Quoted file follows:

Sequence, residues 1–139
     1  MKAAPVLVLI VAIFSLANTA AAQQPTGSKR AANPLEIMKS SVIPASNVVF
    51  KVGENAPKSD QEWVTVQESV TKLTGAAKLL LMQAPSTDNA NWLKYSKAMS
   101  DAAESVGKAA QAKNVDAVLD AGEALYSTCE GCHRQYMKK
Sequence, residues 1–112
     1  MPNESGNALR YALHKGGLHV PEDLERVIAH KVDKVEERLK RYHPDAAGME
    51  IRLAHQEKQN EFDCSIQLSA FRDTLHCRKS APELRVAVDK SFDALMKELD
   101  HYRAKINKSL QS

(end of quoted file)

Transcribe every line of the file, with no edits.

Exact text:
Sequence, residues 1–139
     1  MKAAPVLVLI VAIFSLANTA AAQQPTGSKR AANPLEIMKS SVIPASNVVF
    51  KVGENAPKSD QEWVTVQESV TKLTGAAKLL LMQAPSTDNA NWLKYSKAMS
   101  DAAESVGKAA QAKNVDAVLD AGEALYSTCE GCHRQYMKK
Sequence, residues 1–112
     1  MPNESGNALR YALHKGGLHV PEDLERVIAH KVDKVEERLK RYHPDAAGME
    51  IRLAHQEKQN EFDCSIQLSA FRDTLHCRKS APELRVAVDK SFDALMKELD
   101  HYRAKINKSL QS